In fact there’s a special account for people on Universal Credit and other benefits that offers a extra cash on top.

The Help to Save scheme pays a bonus on top of the money you stash away in the account.

Savers will get a 50p bonus for every £1 they put in the account over four years.

You can save between £1 and £50 every month, so you would get a £25 bonus each month if you paid in the maximum amount each time.

Over a year that adds up to £300, and reaches £1,200 over the full four years that you can have an account.

You will get your bonuses at the end of the second and fourth years of having the account.

You can find out who’s eligible and how to get an account in our guide.

How much Universal Credit can I get?

Your individual circumstances will affect how much Universal Credit you receive such as how many children you have, your earnings, and how many people you reside with.

And of course your savings can too, as we’ve explained.

Everyone who is accepted on Universal Credit will be entitled to a Standard Allowance – how much you get isn’t affected by whether you’re single or not.

  • Single and aged under 25: £265.31 per month
  • Single and aged 25 or over: £334.91 per month
  • Joint claimants both aged under 25: £416.45 per month
  • Joint claimants where one is aged 25 or over: £525.72 per month

Once your household allowance is calculated, the DWP will take into account any additional claim elements such as children, housing, or disabilities.

You can find out more about these in our guide and how to claim.

What else can affect how much Universal Credit I get?

How much savings you have isn’t the only thing that could reduce the amount of Universal Credit you get.

If you work while claiming Universal Credit, the more hours you work and the more money you earn, the more your payments will be reduced.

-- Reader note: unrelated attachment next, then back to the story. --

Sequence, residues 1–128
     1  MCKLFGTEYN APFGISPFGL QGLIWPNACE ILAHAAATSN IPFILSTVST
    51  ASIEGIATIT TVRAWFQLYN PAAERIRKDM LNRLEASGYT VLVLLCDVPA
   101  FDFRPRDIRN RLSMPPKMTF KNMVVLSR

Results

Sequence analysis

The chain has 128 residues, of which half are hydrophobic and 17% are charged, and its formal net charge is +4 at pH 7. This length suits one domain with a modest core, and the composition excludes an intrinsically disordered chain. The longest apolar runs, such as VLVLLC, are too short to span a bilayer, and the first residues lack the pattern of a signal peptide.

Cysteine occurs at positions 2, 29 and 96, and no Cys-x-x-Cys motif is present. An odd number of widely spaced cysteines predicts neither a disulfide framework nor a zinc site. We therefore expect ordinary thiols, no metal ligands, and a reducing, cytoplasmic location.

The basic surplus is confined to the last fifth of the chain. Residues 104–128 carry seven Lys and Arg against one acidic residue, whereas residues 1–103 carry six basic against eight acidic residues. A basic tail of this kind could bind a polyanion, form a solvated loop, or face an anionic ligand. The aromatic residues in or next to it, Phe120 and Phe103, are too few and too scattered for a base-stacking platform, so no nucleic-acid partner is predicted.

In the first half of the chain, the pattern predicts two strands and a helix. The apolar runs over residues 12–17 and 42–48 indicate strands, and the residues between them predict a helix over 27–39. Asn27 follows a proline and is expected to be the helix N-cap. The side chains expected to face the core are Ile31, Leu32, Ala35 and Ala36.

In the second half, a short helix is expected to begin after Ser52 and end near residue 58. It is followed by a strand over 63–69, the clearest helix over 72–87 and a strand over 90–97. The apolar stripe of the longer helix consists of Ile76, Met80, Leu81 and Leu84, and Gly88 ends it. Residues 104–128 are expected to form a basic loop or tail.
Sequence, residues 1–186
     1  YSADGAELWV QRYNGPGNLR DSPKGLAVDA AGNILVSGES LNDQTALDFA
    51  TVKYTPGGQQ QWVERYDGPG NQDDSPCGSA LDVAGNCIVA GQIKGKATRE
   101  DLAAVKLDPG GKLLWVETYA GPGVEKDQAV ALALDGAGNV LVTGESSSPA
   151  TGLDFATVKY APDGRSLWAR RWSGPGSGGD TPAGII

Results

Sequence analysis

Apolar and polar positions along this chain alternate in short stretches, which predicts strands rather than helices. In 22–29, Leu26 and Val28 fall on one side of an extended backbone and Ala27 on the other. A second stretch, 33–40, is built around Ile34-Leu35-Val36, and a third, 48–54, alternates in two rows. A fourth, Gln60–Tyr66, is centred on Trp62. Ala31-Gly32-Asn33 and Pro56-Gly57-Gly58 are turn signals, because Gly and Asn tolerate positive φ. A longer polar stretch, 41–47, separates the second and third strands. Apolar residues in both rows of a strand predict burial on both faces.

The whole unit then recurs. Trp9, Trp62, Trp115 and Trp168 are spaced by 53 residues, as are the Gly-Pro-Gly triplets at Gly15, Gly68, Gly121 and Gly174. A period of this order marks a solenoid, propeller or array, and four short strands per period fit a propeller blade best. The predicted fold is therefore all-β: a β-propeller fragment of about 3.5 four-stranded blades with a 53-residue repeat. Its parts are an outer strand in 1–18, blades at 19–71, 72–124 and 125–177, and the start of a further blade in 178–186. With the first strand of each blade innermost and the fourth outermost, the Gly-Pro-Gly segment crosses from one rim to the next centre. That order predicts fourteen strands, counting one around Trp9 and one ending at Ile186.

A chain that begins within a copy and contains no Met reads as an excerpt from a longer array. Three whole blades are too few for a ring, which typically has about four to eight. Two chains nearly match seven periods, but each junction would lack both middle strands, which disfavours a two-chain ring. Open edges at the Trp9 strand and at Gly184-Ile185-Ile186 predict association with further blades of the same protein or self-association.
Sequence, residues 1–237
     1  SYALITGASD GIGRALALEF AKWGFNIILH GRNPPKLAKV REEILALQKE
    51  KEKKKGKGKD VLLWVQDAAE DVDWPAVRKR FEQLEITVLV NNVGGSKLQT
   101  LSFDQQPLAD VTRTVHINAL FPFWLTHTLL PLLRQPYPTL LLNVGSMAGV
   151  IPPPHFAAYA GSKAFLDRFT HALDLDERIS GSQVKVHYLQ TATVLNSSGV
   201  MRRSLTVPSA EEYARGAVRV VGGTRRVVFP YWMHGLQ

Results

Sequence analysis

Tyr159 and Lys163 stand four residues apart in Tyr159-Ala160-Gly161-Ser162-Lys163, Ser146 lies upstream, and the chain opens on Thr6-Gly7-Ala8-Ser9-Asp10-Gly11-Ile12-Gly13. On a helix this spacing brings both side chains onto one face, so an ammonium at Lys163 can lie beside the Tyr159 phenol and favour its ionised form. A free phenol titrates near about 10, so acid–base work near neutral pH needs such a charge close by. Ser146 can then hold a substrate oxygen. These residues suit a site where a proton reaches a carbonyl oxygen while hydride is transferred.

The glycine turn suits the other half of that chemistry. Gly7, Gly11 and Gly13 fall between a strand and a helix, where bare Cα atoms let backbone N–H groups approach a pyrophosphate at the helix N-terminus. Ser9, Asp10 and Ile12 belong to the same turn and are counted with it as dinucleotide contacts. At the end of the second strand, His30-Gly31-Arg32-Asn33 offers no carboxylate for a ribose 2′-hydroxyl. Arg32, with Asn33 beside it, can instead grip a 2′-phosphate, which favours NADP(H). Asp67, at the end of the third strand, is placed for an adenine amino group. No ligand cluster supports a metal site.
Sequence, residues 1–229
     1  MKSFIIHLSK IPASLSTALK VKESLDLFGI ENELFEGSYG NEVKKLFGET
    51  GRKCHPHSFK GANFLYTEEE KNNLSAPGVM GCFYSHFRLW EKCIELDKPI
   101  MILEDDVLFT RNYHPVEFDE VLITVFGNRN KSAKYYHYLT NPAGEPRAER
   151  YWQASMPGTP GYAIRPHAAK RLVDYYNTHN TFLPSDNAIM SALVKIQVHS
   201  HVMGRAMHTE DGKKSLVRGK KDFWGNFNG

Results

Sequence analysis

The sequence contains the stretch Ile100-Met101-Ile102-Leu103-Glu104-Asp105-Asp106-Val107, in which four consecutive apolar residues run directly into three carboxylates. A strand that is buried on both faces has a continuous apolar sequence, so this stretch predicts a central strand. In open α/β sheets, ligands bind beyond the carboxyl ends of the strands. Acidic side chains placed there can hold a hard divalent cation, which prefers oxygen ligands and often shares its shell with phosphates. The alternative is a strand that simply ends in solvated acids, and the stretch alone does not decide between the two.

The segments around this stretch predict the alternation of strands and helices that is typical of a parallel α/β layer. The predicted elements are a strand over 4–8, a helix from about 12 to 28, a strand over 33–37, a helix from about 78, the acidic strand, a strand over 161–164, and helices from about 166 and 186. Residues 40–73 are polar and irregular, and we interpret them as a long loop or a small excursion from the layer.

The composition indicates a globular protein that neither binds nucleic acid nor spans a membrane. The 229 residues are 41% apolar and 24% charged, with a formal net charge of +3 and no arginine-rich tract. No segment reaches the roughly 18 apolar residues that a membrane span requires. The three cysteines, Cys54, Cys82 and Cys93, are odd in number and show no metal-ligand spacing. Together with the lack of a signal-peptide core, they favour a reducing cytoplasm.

For every £1 you earn your Universal Credit payments reduce by 55p – this is known as the taper rate.

It kicks in once claimants are earning above the Work Allowance, if they are eligible.

You get a Work Allowance if you (or your partner) are responsible for a child or have limited capability for work.

How much it is depends on whether you claim the Housing Costs element of Universal Credit.

The monthly work allowances are:

  • £344 if you get help with housing costs
  • £573 if you don’t get help with housing costs

How much you earn and whether you’ll be entitled to Universal Credit payments will depend on your circumstances.

Meanwhile the benefit cap can limit the total amount you can get.

The total amount of benefits you can receive is capped at £20,000 a year outside Greater London if you’re in a relationship or a single parent and your children live with you. 

It is £13,400-a-year if you live by yourself.

Inside Greater London, the equivalent thresholds are £23,000 and £15,410. 

The monthly amount you get may also be reduced if you are sanctioned.

This is when money is deducted for not attending a job interview, for instance.